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Plos One: Reduced Cardiac Vagal Modulation Impacts on CFS

Discussion in 'Latest ME/CFS Research' started by Firestormm, Dec 16, 2012.

  1. Firestormm

    Firestormm Guest

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    I meant to post this the other day and forgot. Sorry. Comments from Charles Shepherd follow accompanied by a link to Julia Newton's latest work, and a video of her recent presentation.

    Charles Shepherd ME Association Facebook 15 December 2012:

    Julia Newton and POTS: http://forums.phoenixrising.me/inde...-characteristics-of-novel-subgroup-cfs.20807/

    Julia Newton presentation and overview of NICE sponsored research: November 2012: http://forums.phoenixrising.me/inde...-characteristics-of-novel-subgroup-cfs.20807/
     
    anne_likes_red likes this.
  2. Marco

    Marco Old blackguard

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    Yes - very interesting. The finding of cognitive accuracy but reduced processing speed in ME/CFS is an old one and reduced heart rate variability is a common finding in MDD and ADHD to name a few (which doesn't concern me).

    The question is, how the two are connected and what it implies for ME/CFS the condition.

    Given the known associations of reduced heart rate variability and cognitive dysregulation could researchers not speculate as to what they believe might be going on or does it just fall under 'interesting - there you go!'?.
     
    anne_likes_red, justy and Firestormm like this.
  3. Firestormm

    Firestormm Guest

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    I'm not even sure that Newton associates autonomic dysfunction with cognitive difficulties, Marco. I can't remember (lol) whether this came up in her presentation or not. Am transcribing - so will find out in due course and post accordingly.

    The more these studies acknowledge the difficulties though the greater the weight behind our anecdotal evidence I guess. Though I agree some answers or direction would be nice.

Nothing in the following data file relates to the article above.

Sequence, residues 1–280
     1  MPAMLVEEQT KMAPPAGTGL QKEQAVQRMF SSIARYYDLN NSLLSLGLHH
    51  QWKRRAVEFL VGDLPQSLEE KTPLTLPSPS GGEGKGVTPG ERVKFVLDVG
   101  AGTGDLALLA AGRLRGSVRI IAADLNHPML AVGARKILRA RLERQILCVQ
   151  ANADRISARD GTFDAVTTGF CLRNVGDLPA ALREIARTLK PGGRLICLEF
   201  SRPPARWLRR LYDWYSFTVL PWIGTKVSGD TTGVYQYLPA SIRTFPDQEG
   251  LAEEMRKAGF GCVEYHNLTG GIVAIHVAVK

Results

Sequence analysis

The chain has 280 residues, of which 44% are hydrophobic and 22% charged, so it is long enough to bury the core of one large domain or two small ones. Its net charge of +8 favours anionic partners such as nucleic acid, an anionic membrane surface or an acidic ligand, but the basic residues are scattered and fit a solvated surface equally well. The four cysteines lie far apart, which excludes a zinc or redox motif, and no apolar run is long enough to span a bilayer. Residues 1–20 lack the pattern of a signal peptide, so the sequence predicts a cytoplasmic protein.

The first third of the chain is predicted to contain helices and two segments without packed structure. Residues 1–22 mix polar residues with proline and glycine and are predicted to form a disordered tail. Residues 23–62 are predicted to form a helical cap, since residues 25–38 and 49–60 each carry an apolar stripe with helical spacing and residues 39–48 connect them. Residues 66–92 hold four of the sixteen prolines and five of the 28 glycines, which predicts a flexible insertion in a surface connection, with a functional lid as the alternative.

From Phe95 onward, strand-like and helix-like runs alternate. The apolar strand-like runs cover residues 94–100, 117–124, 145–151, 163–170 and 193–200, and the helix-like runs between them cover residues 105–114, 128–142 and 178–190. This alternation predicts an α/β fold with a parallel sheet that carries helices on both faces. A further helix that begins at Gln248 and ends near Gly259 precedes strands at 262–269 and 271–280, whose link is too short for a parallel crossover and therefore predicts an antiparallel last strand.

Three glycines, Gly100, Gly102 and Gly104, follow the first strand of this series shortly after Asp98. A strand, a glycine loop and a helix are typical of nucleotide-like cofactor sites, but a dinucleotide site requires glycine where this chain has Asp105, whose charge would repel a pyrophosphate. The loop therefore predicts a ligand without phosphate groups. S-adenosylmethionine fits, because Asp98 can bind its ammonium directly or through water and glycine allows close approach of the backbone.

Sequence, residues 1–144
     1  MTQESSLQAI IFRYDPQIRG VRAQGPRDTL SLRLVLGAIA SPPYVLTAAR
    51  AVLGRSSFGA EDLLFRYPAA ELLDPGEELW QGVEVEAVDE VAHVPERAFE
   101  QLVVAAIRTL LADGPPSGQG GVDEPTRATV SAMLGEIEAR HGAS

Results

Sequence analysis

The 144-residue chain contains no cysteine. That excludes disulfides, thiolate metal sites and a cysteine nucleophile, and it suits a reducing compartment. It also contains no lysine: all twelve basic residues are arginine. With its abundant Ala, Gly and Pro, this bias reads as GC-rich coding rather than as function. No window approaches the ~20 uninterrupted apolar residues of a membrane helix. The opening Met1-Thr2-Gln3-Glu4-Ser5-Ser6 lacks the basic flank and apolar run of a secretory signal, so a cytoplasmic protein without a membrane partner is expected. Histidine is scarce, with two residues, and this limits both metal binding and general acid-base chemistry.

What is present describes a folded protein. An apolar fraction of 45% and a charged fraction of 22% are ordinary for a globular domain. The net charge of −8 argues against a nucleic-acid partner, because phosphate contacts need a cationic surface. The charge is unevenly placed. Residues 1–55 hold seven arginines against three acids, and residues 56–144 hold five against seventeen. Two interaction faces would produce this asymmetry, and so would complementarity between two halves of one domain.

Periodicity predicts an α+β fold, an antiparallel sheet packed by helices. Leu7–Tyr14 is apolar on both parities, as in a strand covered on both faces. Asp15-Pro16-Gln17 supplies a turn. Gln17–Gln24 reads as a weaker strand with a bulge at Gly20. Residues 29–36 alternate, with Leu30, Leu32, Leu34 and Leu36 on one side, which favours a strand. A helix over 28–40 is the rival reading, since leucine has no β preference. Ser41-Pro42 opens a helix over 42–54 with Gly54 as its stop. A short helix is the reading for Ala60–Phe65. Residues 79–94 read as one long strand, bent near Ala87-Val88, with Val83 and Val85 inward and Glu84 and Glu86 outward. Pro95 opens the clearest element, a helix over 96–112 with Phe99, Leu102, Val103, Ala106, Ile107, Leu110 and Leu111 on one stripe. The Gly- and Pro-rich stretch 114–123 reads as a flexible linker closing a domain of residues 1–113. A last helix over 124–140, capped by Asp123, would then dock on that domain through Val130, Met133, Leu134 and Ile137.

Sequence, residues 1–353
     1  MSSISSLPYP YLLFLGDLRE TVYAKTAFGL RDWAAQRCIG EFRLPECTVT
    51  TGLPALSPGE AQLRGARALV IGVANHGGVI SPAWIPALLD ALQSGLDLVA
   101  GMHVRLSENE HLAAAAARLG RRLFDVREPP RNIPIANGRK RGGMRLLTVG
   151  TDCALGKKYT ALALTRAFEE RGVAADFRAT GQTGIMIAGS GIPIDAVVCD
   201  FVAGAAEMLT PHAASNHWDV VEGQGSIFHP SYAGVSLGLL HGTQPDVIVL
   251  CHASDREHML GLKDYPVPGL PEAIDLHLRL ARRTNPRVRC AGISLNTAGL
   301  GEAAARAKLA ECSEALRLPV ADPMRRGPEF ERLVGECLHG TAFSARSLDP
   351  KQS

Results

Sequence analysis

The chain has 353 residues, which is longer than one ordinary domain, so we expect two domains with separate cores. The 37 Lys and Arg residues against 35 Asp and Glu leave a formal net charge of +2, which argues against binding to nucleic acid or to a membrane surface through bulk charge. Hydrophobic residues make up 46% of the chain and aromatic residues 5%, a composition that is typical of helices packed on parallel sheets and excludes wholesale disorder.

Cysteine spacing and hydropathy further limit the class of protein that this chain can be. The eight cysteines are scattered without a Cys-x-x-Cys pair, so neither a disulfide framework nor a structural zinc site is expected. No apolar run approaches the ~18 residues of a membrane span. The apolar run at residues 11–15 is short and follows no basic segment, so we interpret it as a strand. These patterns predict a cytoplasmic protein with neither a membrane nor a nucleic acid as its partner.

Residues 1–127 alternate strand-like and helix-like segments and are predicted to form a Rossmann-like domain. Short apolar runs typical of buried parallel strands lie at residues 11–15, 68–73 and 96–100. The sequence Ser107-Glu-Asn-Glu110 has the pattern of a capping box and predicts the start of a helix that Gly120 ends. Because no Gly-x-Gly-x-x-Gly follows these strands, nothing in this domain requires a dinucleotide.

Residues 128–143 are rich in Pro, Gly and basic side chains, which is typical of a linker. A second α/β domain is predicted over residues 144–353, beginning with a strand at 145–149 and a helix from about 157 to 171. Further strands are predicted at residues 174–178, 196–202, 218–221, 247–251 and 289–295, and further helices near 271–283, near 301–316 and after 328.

4. Marco

    Marco Old blackguard

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    Charles Shepherd's commentary does though which, if he's suggesting that ANS dysfunction is causing cognitive difficulties, is not a safe assumption to make. Both could be symptoms of the underlying root cause.

    It would be interesting if Julia Newton considers them causally linked or indicative of something else.
     
    alex3619 and Firestormm like this.
  5. lnester7

    lnester7 Seven

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    In my case I am 100% sure that the cognitive issues are tied to my autonomic dysfunction. I can provoke my episodes (I am doing OI training) and I note what symptoms go with it: Dizziness, Head buzz and Fog, Nausea, numbness, tingling.... Also when you get the tilt table test, pay attention to what your feeling, it will help you isolate the OI issues.

    Also, If I lay down, After a while I can think better.
     
  6. Firestormm

    Firestormm Guest

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    Very interesting. Thanks Inester. I'm not sure if I remember Newton saying that the 'tilt table' was the preferred or indeed only means to determine autonomic dysfunction. I'm rather a novice when it comes to all of this. Will know more when I finish my transcript I suppose. But I do seem to recollect that performing the 'tilt table test' is not something all physicians are willing to do. Is there a more acceptable alternative? Or are they (we) waiting for the science to point the way?
     
  7. mellster

    mellster Marco

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    Good find! While mine was very mild, it def matched the slow response/HRV and delayed recovery at that time which leads me to continue to believe that the heart is structurally sound in most patients, but it is simply not well regulated by the nervous/metabolic/hormonal system.
     
  8. ramakentesh

    ramakentesh Senior Member

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    Vagal/parasympathetic withdrawal has been mentioned previously. mestinon may help?
     

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